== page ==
Good morning everybody.
I work with really amazing, little, itty-bitty creatures called cells. And let me tell you what it's like to grow these cells in the lab. I work in a lab where we take cells out of their native environment. We plate them into dishes that we sometimes call petri dishes. And we feed them — sterilely of course — with what we call cell culture media — which is like their food — and we grow them in incubators.
Why do I do this? We observe the cells in a plate, and they're just on the surface. But what we're really trying to do in my lab is to engineer tissues out of them. What does that even mean? Well it means growing an actual heart, let's say, or grow a piece of bone that can be put into the body. Not only that, but they can also be used for disease models. And for this purpose, traditional cell culture techniques just really aren't enough. The cells are kind of homesick; the dish doesn't feel like their home. And so we need to do better at copying their natural environment to get them to thrive. We call this the biomimetic paradigm — copying nature in the lab.
Let's take the example of the heart, the topic of a lot of my research. What makes the heart unique? Well, the heart beats, rhythmically, tirelessly, faithfully. We copy this in the lab by outfitting cell culture systems with electrodes. These electrodes act like mini pacemakers to get the cells to contract in the lab. What else do we know about the heart? Well, heart cells are pretty greedy. Nature feeds the heart cells in your body with a very, very dense blood supply. In the lab, we micro-pattern channels in the biomaterials on which we grow the cells, and this allows us to flow the cell culture media, the cells' food, through the scaffolds where we're growing the cells — a lot like what you might expect from a capillary bed in the heart.
So this brings me to lesson number one: life can do a lot with very little. Let's take the example of electrical stimulation. Let's see how powerful just one of these essentials can be. On the left, we see a tiny piece of beating heart tissue that I engineered from rat cells in the lab. It's about the size of a mini marshmallow. And after one week, it's beating. You can see it in the upper left-hand corner. But don't worry if you can't see it so well. It's amazing that these cells beat at all. But what's really amazing is that the cells, when we electrically stimulate them, like with a pacemaker, that they beat so much more.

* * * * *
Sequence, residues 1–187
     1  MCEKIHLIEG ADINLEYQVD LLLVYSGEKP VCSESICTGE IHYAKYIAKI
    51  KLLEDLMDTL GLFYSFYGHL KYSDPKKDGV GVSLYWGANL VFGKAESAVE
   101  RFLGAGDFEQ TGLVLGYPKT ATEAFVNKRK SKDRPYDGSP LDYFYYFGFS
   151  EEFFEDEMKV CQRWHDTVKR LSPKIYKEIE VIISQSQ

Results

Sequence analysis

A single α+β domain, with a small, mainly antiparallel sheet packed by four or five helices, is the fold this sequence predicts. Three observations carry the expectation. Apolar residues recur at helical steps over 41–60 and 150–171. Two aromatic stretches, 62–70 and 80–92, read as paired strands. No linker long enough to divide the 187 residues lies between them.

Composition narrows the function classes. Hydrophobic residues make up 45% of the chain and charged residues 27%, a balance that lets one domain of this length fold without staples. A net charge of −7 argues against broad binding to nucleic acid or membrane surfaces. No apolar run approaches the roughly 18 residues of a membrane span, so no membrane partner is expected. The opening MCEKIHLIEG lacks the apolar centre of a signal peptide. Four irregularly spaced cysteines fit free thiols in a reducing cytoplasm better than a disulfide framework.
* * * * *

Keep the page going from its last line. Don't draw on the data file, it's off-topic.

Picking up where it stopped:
But that brings me to lesson number two: cells do all the work. In a sense, tissue engineers have a bit of an identity crisis here, because structural engineers build bridges and big things, computer engineers, computers, but what we are doing is actually building enabling technologies for the cells themselves. What does this mean for us? Let's do something really simple. Let's remind ourselves that cells are not an abstract concept. Let's remember that our cells sustain our lives in a very real way. "We are what we eat," could easily be described as, "We are what our cells eat." And in the case of the flora in our gut, these cells may not even be human. But it's also worth noting that cells also mediate our experience of life. Behind every sound, sight, touch, taste and smell is a corresponding set of cells that receive this information and interpret it for us. It begs the question: shall we expand our sense of environmental stewardship to include the ecosystem of our own bodies?
I invite you to talk about this with me further, and in the meantime, I wish you luck. May none of your non-cancer cells become endangered species.